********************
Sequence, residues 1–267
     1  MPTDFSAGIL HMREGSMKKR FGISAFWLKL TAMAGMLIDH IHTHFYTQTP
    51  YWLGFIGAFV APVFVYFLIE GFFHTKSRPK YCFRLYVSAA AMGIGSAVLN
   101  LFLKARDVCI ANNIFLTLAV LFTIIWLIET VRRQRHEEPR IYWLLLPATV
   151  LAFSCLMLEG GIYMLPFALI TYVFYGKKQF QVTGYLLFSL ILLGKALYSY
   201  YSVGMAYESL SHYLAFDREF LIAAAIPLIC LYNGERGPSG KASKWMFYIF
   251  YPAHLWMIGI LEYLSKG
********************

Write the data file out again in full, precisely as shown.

Sequence, residues 1–267
     1  MPTDFSAGIL HMREGSMKKR FGISAFWLKL TAMAGMLIDH IHTHFYTQTP
    51  YWLGFIGAFV APVFVYFLIE GFFHTKSRPK YCFRLYVSAA AMGIGSAVLN
   101  LFLKARDVCI ANNIFLTLAV LFTIIWLIET VRRQRHEEPR IYWLLLPATV
   151  LAFSCLMLEG GIYMLPFALI TYVFYGKKQF QVTGYLLFSL ILLGKALYSY
   201  YSVGMAYESL SHYLAFDREF LIAAAIPLIC LYNGERGPSG KASKWMFYIF
   251  YPAHLWMIGI LEYLSKG